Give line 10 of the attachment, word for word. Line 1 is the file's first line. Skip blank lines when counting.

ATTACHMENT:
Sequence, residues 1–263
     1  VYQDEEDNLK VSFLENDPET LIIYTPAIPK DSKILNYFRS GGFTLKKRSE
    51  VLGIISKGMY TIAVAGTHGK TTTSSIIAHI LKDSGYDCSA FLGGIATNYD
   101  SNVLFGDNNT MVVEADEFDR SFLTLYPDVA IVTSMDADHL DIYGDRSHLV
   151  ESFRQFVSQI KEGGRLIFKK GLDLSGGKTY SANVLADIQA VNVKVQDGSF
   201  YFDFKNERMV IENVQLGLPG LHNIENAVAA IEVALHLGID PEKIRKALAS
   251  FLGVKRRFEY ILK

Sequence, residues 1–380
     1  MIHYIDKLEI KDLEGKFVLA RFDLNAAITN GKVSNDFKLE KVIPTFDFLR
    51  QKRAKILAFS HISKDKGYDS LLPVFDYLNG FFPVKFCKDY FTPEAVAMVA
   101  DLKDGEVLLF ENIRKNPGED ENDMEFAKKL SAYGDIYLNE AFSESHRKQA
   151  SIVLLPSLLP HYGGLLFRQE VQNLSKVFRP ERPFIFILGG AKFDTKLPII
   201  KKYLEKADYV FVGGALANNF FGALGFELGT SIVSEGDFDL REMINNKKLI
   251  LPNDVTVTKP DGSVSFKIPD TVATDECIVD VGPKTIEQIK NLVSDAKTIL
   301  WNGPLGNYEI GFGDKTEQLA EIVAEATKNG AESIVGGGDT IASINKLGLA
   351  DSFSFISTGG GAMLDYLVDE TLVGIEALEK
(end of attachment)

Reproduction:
    51  QKRAKILAFS HISKDKGYDS LLPVFDYLNG FFPVKFCKDY FTPEAVAMVA